It is a good argument, but with one flaw unfortunately. If I am remembering my christian mythology correctly, it wasn't til Jesus died on the cross for "our" sins did newborns, or even fetuses, be classified as 'innocent' as they were all tainted with 'original sin'. It was only once you were baptised, accepted God as your lord, and gave up your sinful ways that you were forgiven and clean.

The flaw is the beauty of it, Sarah. From what you recall about Christian theology is going to be different from the recollections of someone else. The Bible -- this very book -- has been the direct cause of over 22,000 denominations of Christianity for a person to chose from. One book out of myriads. Stephen King, eat your heart out. Each of those 22,000 denominations have one thing in common -- accusing each other of developing their respective theology by "picking and choosing" which verses to believe and which ones to toss aside, and thus being "wrong".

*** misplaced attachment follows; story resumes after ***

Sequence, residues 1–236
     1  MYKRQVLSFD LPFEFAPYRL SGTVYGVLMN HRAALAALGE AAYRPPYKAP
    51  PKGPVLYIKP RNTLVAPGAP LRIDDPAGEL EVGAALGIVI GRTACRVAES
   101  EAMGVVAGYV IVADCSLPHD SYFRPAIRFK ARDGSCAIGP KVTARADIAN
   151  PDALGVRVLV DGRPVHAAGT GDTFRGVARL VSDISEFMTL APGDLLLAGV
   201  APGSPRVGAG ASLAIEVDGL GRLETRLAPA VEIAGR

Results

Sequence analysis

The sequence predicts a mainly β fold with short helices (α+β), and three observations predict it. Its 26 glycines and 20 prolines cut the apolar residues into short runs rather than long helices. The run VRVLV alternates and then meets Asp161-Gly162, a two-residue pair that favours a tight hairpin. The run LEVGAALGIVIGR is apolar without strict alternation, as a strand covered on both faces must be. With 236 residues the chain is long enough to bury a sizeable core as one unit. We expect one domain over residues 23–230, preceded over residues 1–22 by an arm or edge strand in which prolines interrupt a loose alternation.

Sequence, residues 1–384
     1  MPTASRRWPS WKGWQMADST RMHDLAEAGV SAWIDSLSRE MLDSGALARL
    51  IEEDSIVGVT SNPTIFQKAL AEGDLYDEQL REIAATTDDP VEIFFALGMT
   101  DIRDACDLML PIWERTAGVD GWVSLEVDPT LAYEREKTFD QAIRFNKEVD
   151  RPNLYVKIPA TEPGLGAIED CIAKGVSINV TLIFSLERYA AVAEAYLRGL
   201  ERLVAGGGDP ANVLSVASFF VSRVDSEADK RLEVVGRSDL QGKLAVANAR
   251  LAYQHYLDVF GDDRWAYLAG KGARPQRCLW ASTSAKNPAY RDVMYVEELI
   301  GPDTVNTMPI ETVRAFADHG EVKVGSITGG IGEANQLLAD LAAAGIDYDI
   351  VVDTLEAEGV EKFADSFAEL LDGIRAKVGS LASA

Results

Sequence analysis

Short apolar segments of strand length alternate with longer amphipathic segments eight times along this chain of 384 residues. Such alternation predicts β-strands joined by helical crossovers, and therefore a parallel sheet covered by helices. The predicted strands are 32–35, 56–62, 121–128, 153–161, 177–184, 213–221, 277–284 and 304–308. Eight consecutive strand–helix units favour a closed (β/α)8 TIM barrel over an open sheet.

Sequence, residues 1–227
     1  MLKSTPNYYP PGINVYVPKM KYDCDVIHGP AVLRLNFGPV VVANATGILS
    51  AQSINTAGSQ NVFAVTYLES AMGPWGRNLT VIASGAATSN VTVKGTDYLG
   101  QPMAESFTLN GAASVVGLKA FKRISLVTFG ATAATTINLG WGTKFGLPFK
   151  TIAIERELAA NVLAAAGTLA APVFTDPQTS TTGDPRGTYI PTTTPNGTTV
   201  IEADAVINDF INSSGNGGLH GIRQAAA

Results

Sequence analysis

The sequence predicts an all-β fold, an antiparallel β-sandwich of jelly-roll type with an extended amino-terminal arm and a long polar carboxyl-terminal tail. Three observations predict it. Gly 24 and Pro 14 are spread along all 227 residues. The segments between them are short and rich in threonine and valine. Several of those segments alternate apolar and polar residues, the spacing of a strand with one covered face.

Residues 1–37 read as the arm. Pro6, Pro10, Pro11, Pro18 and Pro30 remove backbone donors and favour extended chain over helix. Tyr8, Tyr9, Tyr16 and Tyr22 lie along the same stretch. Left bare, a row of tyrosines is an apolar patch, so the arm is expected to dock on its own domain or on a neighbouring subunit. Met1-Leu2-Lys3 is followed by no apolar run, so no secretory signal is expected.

Hoo, hoo, hoo, like they have a lot of room to talk. The hypocracy is astounding because you don't get 22,000 denonminations of anything without "picking and choosing" but the kicker is they can't accept others being different, thinking different, living their lives differently. Afterall, we all can read the Scriptures and can come to our own conclusions. Personally, I think I'm gonna "pick and choose", too and developing my own theology accordingly that (hopefully) will be much well versed in logic and common sense -- something I believe has been missing from mainstream Christian theology since about the 4th century. Hey, "Hooked on Semantics" worked for them -- it'll work for me!

NOTE: Blogger has been down all day, it's 5AM, and I'm sloshed -- time to ramble on!